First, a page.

Government security agents in South Sudan on Monday arrested at least two prominent activists who joined a call for a peaceful public uprising to seek political change, one of their colleagues said.
A coalition of civil society groups last week issued a declaration saying they have "had enough" after 10 years of independence marked by civil war, escalating insecurity, hunger and political instability.
Kuel Aguer Kuel, a former state governor, and renowned analyst Augustino Ting Mayai, were arrested in the capital Juba for signing the declaration, said Rajab Mohandis, another of the signatories.
The arrests came on the same day that hundreds of lawmakers were sworn in to a newly created national parliament, a key condition of a peace deal that ended South Sudan's brutal civil war.
The Sudd Institute, an independent think tank involved in the coalition, has also been shut down and its executive director Abraham Awolich is among other activists also being sought by the authorities, Mohandis told AFP.
Awolich said in a separate statement on Twitter that he was on the run after the Sudd Institute was stormed and its staff arrested over Friday's declaration by the People's Coalition for Civil Action (PCCA).
But he said he would not be bowed.
"Our people are rising up to fire the dictators and murderers and I am proud to stand with them. The time has come to bring down the failed yet dangerous regime."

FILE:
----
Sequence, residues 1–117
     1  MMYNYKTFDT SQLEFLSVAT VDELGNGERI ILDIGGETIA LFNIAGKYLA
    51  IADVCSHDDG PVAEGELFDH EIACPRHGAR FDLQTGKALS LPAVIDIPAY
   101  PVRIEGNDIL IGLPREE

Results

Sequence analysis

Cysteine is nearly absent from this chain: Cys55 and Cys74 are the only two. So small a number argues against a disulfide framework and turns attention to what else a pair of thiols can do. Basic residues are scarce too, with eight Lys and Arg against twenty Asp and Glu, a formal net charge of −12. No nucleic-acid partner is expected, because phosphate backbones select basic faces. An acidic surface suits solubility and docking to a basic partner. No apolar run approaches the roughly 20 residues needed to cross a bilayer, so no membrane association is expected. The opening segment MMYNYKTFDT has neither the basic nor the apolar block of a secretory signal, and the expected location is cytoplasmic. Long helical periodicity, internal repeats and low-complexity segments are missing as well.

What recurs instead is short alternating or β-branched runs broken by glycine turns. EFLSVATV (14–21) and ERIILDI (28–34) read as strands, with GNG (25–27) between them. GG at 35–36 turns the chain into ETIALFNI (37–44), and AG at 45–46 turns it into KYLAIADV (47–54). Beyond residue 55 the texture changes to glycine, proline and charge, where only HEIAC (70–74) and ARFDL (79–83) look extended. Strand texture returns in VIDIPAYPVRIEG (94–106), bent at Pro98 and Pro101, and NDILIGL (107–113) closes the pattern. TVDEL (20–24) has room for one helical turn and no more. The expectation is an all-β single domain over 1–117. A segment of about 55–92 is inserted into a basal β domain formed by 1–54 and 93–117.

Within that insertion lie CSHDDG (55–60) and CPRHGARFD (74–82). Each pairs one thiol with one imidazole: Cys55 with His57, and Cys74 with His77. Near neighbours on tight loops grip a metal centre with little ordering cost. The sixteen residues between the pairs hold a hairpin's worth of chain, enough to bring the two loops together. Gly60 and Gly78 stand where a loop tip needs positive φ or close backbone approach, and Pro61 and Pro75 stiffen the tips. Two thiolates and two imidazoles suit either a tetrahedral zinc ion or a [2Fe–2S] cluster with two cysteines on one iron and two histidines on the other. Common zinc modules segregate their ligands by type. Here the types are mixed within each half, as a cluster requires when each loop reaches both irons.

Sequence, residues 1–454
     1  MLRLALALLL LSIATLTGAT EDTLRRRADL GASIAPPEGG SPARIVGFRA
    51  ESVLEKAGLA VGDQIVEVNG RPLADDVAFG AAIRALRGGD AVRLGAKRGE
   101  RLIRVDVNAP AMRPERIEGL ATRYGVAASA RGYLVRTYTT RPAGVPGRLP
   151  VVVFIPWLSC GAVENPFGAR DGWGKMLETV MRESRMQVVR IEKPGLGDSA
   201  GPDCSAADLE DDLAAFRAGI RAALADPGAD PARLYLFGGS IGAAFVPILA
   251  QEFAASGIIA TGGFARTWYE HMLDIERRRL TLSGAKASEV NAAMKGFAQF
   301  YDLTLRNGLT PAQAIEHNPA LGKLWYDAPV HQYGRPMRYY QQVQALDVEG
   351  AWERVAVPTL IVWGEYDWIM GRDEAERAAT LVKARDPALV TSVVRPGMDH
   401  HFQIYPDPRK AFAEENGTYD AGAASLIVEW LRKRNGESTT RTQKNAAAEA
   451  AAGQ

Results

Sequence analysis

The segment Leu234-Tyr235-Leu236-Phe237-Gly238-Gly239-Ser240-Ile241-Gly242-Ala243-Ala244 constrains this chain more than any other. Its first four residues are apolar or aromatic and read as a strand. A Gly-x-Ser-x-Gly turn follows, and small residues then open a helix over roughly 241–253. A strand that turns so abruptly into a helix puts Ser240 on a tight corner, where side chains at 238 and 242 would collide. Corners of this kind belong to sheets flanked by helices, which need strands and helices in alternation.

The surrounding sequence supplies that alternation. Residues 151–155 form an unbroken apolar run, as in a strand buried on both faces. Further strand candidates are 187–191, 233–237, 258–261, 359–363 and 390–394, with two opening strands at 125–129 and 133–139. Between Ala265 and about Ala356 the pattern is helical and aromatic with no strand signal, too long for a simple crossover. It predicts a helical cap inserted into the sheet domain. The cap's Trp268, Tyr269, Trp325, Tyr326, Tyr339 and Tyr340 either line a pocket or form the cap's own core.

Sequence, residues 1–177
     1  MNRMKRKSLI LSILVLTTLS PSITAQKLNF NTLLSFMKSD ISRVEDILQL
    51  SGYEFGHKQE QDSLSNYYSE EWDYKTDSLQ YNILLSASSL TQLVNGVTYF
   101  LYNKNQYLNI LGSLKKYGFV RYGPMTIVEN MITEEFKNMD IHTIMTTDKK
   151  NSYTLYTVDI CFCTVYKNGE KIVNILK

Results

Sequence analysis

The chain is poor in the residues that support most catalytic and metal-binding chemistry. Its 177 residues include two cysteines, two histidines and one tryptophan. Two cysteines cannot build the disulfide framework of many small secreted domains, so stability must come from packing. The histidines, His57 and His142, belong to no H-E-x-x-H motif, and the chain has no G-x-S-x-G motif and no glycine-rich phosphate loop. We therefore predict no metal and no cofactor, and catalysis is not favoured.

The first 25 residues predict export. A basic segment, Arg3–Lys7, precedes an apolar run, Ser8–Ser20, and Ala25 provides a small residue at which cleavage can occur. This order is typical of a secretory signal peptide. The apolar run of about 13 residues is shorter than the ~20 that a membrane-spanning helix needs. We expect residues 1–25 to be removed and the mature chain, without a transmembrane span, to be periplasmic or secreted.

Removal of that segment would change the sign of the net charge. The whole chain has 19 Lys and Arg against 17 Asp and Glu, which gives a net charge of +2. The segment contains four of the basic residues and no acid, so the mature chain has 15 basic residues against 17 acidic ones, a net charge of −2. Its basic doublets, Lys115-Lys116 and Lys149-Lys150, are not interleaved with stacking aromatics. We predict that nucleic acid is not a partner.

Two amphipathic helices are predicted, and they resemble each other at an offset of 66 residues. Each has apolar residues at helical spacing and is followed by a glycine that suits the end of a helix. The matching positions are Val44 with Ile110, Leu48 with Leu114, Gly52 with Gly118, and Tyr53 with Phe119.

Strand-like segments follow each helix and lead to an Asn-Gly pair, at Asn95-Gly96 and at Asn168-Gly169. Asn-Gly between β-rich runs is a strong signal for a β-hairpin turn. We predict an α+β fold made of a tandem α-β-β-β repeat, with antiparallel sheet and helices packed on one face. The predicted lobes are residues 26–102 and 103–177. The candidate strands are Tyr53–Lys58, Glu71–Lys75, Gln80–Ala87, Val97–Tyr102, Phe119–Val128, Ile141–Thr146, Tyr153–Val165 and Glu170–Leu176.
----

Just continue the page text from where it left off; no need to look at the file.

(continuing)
The PCCA also remained defiant on Monday, saying in a statement it was intent on leading a non-violent "revolution" in the world's newest country and to seek "regime change".
It called for the resignation of both President Salva Kiir and his archfoe turned deputy Riek Machar, who remain uneasy bedfellows in the coalition government.
'Bankrupt political system'
The 2018 ceasefire and power-sharing deal between Kiir and Machar was just the latest accord signed by the two men whose rivalry ignited the conflict that cost the lives of almost 400,000 people.
Their truce still largely holds but it is being sorely tested, as politicians bicker over power and promises for peace go unmet.
South Sudan has struggled with war, famine and chronic political and economic crisis since celebrating its hard-fought independence from Sudan 10 years ago in July.
The PCCA described the current regime as "a bankrupt political system that has become so dangerous and has subjected our people to immense suffering, death and brought upon them abject poverty and destitution".
"The coalition is asking all the people of South Sudan to prepare for mass civil disobedience, strikes, sit-ins, protests and popular uprising to bring about change," it said.
Earlier Monday, 588 MPs -- a mix of delegates from the ruling party and former rebel factions who signed the truce -- took the oath of office in parliament in Juba.
The ceremony came nearly a year behind schedule and remains incomplete, with 62 MPs absent, some because of squabbles with the government over the power-sharing arrangement.